I've replied to your PM with details of your local Headway, who should be able to offer some further support.

    It does sound like she saw a neuropsychologist after her discharge yes, they usually conduct a series of psychometric tests to see what effect the brain injury is having on a person's cognitive functions.

    All I'd say is that since the assessment 2.5 years ago her situation has changed, and in an ideal world another look at how the brain injury is affecting home life would be helpful. It might be worth speaking to her GP about this - another referral may not be possible, but as a more targeted 'brain injury' therapy, a neuropsychologist could be appropriate again.

    You may be right that the couples therapy was too early, and perhaps some further rehabilitation would be useful at this point, leading on to further psychotherapy. I hope our booklets will help you to work out the best course of action with the GP.

    Do let us know how this goes, and I hope the local group details are useful to you.

    Best wishes,


  • ive never had tests of anything i was sent back 2 wales from walton then no help at all, ive been cutting my arm with knifes my anger is bad good job im alone but people who phone get it i end up broken phones 2 i fling them over room in temper what sort help can i ask anyone for

  • Hi,

    The first 4 years after my brain haemorrhage my recovery process was very difficult.

    When me and my husband were on the verge of going our separate ways, we decided help was needed and quickly. We found Headway and took all there advice. The best being I see a Neuro psychologist (weekly at home) and the difference it has made is awesome. (See my blog Leslie Dilks and check out the pic of me and my man)

    We live daily with brain injury and it's not easy. I can honestly say for four years the bad out weighed the good......these days the good far out weigh the bad :)

    If possible, please take Headways advice :) All the best and take care

  • A bit of a stab in the dark (but having had it myself) has your wife ever been tested for an hormonal imbalance? I remember a few years back my personality seemed to change (and yes thank god i never had access to 'a gun cupboard'!!) and my behaviour was out of character - I would have been scared of me! It turned out that i had an hormonal imbalance, that is treatable! But then again if anyone had dared to have suggested that to me at the time they may have come off the worse for wear. Tread lightly and good luck x p

  • Hi everyone. Sorry for not replying sooner. I thought I'd let you know the current status.

    We're actually getting on much better at the moment and I think I understand why. I've thought for a while that a lot of my wife's negative behaviour was underpinned by vulnerability: she's felt exposed and totally unable to deal with criticism, and needed to protect herself so she put up her emotional shields: she presented herself to me as not caring. The aggression and occasional bit of violence (and it really is rare and mild) are just the extremes of this state, I think, anyway.

    What caused her to soften this time was that I managed to persuade her that I do not want to leave. From her point of view if she thought I wanted to leave her best course of action would be to protect herself in advance: persuade herself now that it wouldn't be a loss and wouldn't hurt to insulate herself against the loss and hurt.

    It's understandable really, although she didn't appreciate how this would alienate me now, and therefore increase the likelihood that I would leave - exactly that which she didn't want.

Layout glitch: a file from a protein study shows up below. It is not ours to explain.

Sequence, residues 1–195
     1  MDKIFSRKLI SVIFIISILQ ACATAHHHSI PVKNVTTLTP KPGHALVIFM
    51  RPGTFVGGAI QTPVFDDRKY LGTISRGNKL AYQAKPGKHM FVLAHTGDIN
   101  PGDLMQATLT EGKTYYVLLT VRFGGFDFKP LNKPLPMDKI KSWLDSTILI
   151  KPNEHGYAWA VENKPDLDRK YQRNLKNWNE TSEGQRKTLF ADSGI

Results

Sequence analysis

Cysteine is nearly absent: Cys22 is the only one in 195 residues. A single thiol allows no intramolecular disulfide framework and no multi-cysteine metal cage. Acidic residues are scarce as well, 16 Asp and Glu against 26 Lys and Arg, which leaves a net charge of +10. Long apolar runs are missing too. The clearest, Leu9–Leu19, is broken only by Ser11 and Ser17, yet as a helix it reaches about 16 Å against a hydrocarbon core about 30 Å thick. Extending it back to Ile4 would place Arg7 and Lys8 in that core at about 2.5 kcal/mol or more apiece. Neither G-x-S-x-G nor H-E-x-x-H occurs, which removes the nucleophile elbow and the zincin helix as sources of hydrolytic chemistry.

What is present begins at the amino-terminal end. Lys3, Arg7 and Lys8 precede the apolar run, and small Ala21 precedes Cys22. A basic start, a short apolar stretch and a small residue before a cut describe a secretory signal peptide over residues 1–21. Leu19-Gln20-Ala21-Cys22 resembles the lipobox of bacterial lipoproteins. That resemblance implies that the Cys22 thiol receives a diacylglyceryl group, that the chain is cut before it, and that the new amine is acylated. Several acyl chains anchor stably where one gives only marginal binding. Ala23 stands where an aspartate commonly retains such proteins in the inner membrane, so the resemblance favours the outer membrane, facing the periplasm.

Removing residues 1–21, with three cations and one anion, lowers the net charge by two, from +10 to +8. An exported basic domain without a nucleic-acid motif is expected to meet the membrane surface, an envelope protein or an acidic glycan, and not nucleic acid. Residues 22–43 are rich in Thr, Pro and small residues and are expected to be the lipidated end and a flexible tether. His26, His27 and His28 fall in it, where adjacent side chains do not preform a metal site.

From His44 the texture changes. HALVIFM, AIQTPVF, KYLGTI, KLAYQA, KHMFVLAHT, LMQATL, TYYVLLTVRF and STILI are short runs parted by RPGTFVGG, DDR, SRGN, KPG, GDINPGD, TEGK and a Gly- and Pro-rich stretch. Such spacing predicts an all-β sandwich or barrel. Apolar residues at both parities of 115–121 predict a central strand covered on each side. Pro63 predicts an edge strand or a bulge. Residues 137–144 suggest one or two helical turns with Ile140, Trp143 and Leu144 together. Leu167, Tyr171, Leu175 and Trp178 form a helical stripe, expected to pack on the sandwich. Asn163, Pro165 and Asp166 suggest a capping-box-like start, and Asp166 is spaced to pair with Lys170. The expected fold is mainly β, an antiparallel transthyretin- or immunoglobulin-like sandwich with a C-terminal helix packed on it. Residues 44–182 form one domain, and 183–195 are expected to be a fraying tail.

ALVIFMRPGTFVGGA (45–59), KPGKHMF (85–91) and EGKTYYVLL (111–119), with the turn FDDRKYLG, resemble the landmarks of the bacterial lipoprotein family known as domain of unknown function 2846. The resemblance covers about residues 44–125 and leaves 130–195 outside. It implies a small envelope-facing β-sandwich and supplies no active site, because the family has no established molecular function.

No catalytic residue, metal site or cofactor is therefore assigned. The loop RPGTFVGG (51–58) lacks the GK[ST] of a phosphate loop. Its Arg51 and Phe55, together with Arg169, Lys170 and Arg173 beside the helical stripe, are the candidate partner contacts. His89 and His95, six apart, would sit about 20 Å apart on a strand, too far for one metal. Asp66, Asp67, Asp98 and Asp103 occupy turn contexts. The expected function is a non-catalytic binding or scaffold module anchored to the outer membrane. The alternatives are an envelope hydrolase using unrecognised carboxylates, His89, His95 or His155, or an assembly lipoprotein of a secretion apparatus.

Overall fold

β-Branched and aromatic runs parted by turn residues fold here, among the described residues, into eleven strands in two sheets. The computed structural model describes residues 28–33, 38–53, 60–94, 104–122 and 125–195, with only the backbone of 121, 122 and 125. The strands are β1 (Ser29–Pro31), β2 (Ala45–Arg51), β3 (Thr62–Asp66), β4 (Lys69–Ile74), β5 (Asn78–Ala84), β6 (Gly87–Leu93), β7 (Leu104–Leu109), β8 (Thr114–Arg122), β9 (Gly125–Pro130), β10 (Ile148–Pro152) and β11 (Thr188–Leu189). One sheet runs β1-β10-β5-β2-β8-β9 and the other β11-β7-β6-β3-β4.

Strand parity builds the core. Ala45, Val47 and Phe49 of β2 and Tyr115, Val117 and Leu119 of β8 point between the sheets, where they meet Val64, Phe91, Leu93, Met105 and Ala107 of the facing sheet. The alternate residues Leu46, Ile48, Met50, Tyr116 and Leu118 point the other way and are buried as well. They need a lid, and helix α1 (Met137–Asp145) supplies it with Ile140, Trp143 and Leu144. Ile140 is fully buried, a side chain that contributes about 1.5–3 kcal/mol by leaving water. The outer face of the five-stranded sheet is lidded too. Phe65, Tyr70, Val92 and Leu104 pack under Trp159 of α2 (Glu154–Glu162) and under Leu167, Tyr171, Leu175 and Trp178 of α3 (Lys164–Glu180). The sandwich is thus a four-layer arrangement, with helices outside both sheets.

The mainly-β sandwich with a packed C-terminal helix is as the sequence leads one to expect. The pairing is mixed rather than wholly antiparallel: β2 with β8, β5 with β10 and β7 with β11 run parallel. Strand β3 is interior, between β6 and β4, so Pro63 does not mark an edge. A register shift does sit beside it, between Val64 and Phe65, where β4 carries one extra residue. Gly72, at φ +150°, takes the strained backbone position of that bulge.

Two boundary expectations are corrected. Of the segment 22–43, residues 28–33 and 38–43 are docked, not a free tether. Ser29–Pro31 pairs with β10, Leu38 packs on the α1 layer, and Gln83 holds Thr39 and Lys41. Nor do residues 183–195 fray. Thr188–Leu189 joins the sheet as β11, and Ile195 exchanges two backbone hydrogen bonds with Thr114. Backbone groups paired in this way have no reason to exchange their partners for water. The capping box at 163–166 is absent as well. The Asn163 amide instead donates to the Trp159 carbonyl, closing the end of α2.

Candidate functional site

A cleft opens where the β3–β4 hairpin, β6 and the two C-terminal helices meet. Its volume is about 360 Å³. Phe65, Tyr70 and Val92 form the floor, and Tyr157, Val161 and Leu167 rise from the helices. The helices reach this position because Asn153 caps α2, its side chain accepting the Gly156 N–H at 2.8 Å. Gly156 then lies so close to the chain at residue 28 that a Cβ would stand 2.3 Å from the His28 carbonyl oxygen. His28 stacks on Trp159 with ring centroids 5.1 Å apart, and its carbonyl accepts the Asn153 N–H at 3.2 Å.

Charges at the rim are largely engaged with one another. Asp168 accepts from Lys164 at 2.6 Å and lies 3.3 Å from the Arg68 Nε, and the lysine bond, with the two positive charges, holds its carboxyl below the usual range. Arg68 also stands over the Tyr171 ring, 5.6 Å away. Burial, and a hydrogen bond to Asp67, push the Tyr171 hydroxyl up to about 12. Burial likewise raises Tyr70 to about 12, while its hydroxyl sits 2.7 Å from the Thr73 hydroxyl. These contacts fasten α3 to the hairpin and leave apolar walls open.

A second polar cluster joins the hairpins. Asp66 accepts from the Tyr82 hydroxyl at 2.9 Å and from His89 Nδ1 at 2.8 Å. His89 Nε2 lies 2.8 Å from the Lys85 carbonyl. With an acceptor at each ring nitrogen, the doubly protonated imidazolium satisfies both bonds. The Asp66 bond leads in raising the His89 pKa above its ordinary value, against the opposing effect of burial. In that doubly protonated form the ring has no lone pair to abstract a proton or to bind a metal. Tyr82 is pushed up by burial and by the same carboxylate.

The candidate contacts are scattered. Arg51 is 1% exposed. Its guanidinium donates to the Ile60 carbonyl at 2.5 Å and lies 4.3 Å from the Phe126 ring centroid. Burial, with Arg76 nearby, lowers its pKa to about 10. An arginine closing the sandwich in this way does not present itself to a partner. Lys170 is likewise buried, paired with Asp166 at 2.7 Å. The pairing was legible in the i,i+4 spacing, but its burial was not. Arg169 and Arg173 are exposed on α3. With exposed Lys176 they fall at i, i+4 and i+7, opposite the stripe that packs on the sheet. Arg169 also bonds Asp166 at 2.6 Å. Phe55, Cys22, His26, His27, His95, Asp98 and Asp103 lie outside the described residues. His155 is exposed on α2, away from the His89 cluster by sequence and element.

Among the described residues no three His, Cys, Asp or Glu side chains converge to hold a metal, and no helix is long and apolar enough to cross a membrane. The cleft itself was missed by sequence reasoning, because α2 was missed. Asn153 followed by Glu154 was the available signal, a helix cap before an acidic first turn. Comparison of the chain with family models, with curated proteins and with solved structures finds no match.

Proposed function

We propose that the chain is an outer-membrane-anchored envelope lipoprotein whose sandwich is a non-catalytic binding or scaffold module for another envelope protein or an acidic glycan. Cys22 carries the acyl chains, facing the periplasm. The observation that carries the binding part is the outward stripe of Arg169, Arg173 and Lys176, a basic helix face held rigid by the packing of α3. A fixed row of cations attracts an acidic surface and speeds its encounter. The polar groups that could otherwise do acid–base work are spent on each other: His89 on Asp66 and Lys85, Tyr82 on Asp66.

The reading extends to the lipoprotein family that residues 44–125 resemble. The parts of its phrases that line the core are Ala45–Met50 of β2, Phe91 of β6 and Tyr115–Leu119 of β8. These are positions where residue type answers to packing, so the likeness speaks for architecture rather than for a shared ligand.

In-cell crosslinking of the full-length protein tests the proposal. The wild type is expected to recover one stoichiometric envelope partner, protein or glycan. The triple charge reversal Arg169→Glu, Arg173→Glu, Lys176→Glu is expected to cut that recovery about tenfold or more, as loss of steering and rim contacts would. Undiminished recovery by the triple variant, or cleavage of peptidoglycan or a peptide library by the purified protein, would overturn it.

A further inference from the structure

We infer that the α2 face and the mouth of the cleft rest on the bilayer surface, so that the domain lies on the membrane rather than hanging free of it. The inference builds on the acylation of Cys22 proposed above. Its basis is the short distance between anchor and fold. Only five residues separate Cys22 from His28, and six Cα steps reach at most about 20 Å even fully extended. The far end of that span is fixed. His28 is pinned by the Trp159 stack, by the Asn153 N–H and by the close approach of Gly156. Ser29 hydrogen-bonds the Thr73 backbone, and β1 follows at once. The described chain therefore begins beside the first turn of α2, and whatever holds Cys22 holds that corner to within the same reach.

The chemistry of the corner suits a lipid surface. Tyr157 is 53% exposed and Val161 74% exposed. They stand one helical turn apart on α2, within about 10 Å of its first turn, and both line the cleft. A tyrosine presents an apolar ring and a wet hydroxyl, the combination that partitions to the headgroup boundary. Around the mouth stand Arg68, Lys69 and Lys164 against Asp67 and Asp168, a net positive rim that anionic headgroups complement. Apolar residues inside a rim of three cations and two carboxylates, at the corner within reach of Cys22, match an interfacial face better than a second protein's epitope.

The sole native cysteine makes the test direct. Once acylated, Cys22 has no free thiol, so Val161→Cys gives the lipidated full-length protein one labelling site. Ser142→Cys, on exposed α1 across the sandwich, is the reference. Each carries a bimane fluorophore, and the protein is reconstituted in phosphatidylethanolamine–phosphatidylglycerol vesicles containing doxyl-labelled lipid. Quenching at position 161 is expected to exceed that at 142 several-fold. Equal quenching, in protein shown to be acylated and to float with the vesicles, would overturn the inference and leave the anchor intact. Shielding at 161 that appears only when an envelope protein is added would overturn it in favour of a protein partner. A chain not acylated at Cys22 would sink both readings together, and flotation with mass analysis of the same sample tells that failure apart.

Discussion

She accepted that I didn't want to leave because I simply said I would have done so already if that's what I wanted. She's given me plenty of excuses after all. I feel lucky that I managed to find a simple argument to convince her of this. She softened immediately, for the first time in months.

    I'm coming to understand that she has an absolutist way of thinking: she isn't capable of seeing the shades of grey between us getting along well and us separating. All couples are somewhere along this continuum, but if we move a bit away for from 'getting on well' then we're separating.

    I've been reading a bit about CBT and how this can help with this absolutistism, and increasingly think it would be a good idea for her. We have our last couples therapy session tomorrow and I'll bring it up then.

  • Hi Ulysses, glad you're managing to work through things, I likened my new situation to being like a toddler after all I was having to learn all the basics of walking, eating, reading etc, so I allowed myself the odd tantrum and think how a child would feel at times, I think it has helped the acceptance because I should learn, like a child does, with practice and understanding from myself as well as others. I try to laugh when I find I'm being childlike, it does help. I first noticed how my brain copes with new things when doing jigsaws, at first the simpler children's ones weren't easy (and I railed against doing them) but now I do 1,000 piece ones with no picture, the wasgijs, not earth shattering but when I finish them I get a great sense of achievement. So, let's hope it continues to improve for you both, good luck Love Janet xxxxx

  • Hi Janet.

    I completely agree with you about being childlike. I don't even think of it as a metaphor - I think that the reasons children behave the way they do is that they lack the same executive functions that are often damaged in brain injury. It's literally the same processes that need building up again.

    It's terrific that reframing it this way helps you. It's great that you can see the humour in the situation. The big risk in my case is patronising my wife. She's super-sensitive to this. She hates the idea that she's not being treated like an adult. I think that there's still a gap between her self perception and reality.

    Thanks for commenting

  • I am so so sorry to hear this. I sort of know how you feel as I have the same with my husband. He takes everything personally & as a criticism of him when I broach things. It's so very difficult as I have spent the last year walking on eggshells not knowing what to say & when... What couples therapy do you have? My husband is currently at OZC for 18 weeks of treatment for this type of emotional/behavioural problem. It's so very hard for you & I really do know your pain. I would say try not to avoid your wife i.e going to bed separately.. But of course you want to do this to protect yourself. When was your wife's BI? My husband's was 2 years ago... Early days apparently. Do you get any help from Headway or anything. You need support too.. Look after yourself x